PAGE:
The Trump administration has named Ken Cuccinelli to serve as acting director of the agency in charge of legal immigration, raising concerns among immigrant rights advocates.
Cuccinelli has never worked at the agency that he's now tasked with leading. U.S. Citizenship and Immigration Services, with more than 19,000 employees and contractors, is charged with adjudicating requests for citizenship, green cards and visas.
"Our nation has the most generous legal immigration system in the world and we must zealously safeguard its promise for those who lawfully come here," Cuccinelli said in a written statement. "I look forward to working with the men and women of USCIS to ensure our legal immigration system operates effectively and efficiently while deterring fraud and protecting the American people."
Cuccinelli is a frequent guest on cable news shows, where he's known for taking hardline positions on asylum and other immigration issues. He served as attorney general of Virginia from 2010 to 2014, and ran unsuccessfully for governor of the state.
Immigration lawyers worry that Cuccinelli's appointment signals more intense scrutiny and longer wait times for immigrants seeking citizenship, green cards and visas.
"Are they trying to break the system so that it doesn't work?," asked Ur Jaddou, a former chief counsel at USCIS who now directs the non-profit DHS Watch in Washington. "This is just another sign of what's been happening over the last couple of years," Jaddou said, as the backlog for immigration cases of all kinds has "exploded."
Cuccinelli has advocated for denying citizenship to American-born children of parents living in the U.S. illegally. And he's argued that states should invoke quote "war powers" to turn away what he calls an "invasion" of migrants from Central America seeking asylum in the U.S.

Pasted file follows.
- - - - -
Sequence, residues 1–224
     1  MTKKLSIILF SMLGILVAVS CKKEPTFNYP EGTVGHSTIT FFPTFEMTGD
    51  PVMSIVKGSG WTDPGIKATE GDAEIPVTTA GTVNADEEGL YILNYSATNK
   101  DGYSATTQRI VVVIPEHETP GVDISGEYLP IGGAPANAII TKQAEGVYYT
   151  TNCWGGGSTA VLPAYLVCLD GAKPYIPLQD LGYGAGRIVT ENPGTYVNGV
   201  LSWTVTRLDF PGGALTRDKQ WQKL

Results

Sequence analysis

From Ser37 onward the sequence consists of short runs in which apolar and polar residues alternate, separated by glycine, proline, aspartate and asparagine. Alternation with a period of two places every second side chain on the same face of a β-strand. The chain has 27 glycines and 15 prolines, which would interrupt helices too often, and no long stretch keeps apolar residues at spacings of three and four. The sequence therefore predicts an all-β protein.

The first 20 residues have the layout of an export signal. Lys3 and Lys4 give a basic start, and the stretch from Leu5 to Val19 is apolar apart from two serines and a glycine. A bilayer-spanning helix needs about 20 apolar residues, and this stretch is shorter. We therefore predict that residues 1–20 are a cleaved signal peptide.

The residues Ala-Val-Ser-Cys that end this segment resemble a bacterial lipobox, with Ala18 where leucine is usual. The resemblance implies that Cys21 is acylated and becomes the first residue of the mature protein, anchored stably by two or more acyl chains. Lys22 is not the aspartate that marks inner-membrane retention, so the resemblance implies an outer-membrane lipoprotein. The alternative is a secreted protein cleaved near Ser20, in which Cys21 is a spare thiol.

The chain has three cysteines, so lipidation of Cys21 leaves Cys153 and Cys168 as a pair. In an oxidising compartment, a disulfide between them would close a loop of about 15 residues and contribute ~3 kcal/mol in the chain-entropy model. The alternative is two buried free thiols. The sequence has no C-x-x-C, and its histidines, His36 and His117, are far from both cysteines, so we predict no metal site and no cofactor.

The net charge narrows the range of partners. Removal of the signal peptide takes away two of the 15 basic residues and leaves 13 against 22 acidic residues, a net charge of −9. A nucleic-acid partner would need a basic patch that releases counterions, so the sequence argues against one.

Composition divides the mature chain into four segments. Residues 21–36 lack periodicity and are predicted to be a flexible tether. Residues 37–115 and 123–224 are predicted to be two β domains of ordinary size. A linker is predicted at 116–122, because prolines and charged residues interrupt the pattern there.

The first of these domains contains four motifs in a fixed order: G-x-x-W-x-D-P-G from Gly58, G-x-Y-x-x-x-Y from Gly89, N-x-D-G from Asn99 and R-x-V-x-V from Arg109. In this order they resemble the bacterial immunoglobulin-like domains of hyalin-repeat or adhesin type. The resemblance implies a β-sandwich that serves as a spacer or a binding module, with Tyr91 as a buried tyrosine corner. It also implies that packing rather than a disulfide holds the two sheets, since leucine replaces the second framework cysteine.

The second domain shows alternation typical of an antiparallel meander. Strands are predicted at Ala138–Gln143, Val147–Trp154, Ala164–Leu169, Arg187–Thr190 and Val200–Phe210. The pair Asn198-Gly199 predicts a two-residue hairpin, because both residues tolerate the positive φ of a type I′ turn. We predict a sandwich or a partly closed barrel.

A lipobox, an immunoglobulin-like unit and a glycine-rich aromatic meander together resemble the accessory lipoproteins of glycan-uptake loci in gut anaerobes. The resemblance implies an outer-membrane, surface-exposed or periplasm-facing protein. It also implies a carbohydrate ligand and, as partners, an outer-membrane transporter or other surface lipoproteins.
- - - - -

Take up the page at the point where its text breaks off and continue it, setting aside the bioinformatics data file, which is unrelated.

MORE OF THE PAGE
"You don't have to keep 'em," Cuccinelli said in an interview with Breitbart radio last year. "No catch and release, no nothing. You just point 'em back across the river, and let 'em swim for it."
The Trump administration picked Cuccinelli to run USCIS despite opposition from Republicans in the Senate. Cuccinelli served as president of a conservative group that funded campaigns against Senate majority leader Mitch McConnell and others, and several Republican senators signaled they would oppose his nomination to lead the agency.
The White House has not formally nominated Cuccinelli to lead USCIS. Technically, his title will be "principal deputy director," according to the agency.
Legal experts say that would allow Cuccinelli to serve as acting director under the Federal Vacancies Reform Act. But it would violate the spirit of the law, according to Anne Joseph O'Connell, an expert on administrative law at Stanford Law School.
"This does seem to be an end run," said O'Connell. "Not just around the Senate confirmation process, where Senators have said they don't want to confirm Mr. Cuccinelli. But it also seems like an end run around the Vacancies Act."
Cuccinelli's appointment means that there will be acting leaders at the helm of USCIS, U.S. Customs and Border Protection, U.S. Immigration and Customs Enforcement, and the Federal Emergency Management Agency, in addition to an acting Secretary of Homeland Security.
Cuccinelli's predecessor at USCIS, former director L. Francis Cissna, had years of experience in immigration law, and was widely regarded as a policy wonk. Even some immigration hardliners wonder if Cuccinelli is ready for the job.
"Cuccinelli was an unusual choice, given his lack of immigration experience," said Mark Krikorian, executive director of the Center for Immigration Studies, which favors lower levels of immigration. "But he does have law-enforcement and regulatory experience, so I'm cautiously optimistic, especially if he has White House backing in his interactions within his agency and with other agencies."